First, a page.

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Meet Izzy Stevens

Today we’d like to introduce you to Izzy Stevens.

Hi Izzy, we’d love for you to start by introducing yourself.
I went to an Australian performing arts high school as a Ballet dancer originally, but I was so in love with drama so I switched over quickly. It was a dream getting to muck around with scripts for three hours a day. One night after a performance, I had an agent approach me and offer me representation. It was all a bit of a fluke because a month later, I had booked a series regular role on an Australian TV series (Underbelly: Razor), and I was completely hooked. I felt like I had just fallen into a world I knew nothing about but wanted everything to do with. I worked in Australian TV for the next few years before landing a manager in the US and coming out for pilot season. I came back home with a real hunger to understand all aspects of film, so I enrolled in film school. I thought it would strengthen me as an actor, to help me feel more knowledgeable and collaborative on set, and of course what it also did was help me realize how much I love directing, writing, editing, collaborating, and making films.

A year later, I wrapped an acting gig filming the feature Occupation (Netflix), and I shot my second short film Phenomena, which I wrote and directed. It was a Tropfest finalist in 2018 and was live streamed on national television which was very surreal and scary. I moved over to Los Angeles shortly after and have been busy over the past couple of years with acting gigs, directing, making films, writing scripts, and finding a community out here – which takes so much longer than we all think it will! Through COVID, I started my business Creative Luminaries, too, where I coach ambitious actors and filmmakers and help them make compelling films so they can stop waiting for some elusive big break. It’s been such a pleasure to engage with people this way, it’s a tough industry, and everyone tells you to make your own work, but often we don’t know where to start – collaboration makes life a whole lot funnier. Recently, I crowdfunded for and filmed my newest short film Sea Foam, which is a psychological drama. It’s the first time I have acted and directed at the same time, quite the cool challenge. I felt really lucky to have a wonderful team on board. So we shot that in December, and this week I have been directing another film (Worst Enemy) via Zoom – because COVID – and that has been another cool challenge! It’s actually been a far smoother process than I thought it would be.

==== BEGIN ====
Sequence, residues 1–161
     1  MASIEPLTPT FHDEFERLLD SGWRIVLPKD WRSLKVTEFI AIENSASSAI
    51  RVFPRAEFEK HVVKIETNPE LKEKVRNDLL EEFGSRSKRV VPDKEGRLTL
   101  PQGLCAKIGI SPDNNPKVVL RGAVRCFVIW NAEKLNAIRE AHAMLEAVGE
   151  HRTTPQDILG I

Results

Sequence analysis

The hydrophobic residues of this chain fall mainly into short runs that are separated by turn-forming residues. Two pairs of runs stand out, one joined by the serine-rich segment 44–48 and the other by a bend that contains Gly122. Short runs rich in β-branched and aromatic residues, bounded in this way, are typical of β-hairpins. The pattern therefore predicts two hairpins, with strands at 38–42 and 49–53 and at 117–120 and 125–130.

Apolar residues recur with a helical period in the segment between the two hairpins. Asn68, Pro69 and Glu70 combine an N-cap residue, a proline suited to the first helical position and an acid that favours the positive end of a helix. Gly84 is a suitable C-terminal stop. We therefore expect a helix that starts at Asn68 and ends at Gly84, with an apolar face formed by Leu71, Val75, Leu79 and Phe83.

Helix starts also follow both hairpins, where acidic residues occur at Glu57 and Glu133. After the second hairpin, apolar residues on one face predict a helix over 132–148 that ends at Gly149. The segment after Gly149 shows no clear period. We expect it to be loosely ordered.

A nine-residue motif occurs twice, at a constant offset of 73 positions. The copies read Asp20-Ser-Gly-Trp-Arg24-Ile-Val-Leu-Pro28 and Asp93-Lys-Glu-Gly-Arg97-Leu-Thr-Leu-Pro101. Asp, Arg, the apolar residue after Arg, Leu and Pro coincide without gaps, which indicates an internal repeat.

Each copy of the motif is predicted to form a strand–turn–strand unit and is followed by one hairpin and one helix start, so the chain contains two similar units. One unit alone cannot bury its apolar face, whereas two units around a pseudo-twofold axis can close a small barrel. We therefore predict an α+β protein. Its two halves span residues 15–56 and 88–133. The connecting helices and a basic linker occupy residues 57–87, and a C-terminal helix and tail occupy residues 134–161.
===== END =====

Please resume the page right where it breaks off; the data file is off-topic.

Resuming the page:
I’m sure you wouldn’t say it’s been obstacle free, but so far would you say the journey have been a fairly smooth road?
It certainly hasn’t been a straight, smooth road, but that’s sort of where the magic happens. The biggest lesson I am always learning is to stop and appreciate the little moments, to trust my gut and remember that everything is always working out, somehow. Success is elusive and intangible, and it looks and feels different for everyone. I tend to act very quickly when I want to achieve something, so I’m always on a journey of learning how to slow down and focus on enjoying the little moments. This industry looks so shiny on the outside and can be so grueling and isolating on the inside, which is exactly why I felt compelled to start Creative Luminaries and be a support for other creatives. I started the business that I wish I had access to when I was just starting out – and that has been very rewarding. Having a good relationship with yourself and learning when to say no is also a big one. I am someone who’s always said yes to everything because I fear I’ll be shutting off an opportunity if I say no, and then I find myself burnt out and spread too thin. Saying no is pretty powerful and highly uncomfortable for the people pleaser in me. There is so much discomfort in pursuing a career in film and TV.

I have been rejected hundreds of times, I am rejected every day, and it’s given me a thick skin and an ability to move onwards and upwards quickly, but then the true challenge becomes not losing your soul in the process, not letting it harden your heart. It can definitely be tough to let stuff go, to not let difficult or uncomfortable situations weigh me down.

As you know, we’re big fans of you and your work. For our readers who might not be as familiar what can you tell them about what you do?
My work through Creative Luminaries helps actors and filmmakers with the script to screen process of making short and feature films. I began this private coaching platform because I realized that over the years, I had become a magnet for friends’ material, I’ve always loved discussing ideas, scripts, and creative problem-solving in the filmmaking process, so it was a natural move for me. I love it. Every client produces very different work which is so cool, and my clients vary from first-time filmmakers to experienced creatives. I have a client right now who has just completed her first short film having never performed an on-screen performance before, nor directed, nor produced a film. In eight months, she went from feeling completely in the dark to being totally in command of a production and producing such amazing results. The confidence it has given her is unreal. The work is so strong, and I feel like the film is going to do really well. It makes me very happy! Actors spend thousands of dollars on branding materials and classes which seems crazy to me now. It can cost far less to make your own film and be seen for the kinds of projects you want to be in!

What matters most to you? Why?
Empathy, creative expression, and laughing when everything is going wrong. Those things matter most to me, but I couldn’t tell you why. I think it’s hardwired into me.

Contact Info:


Image Credits:

George Maher

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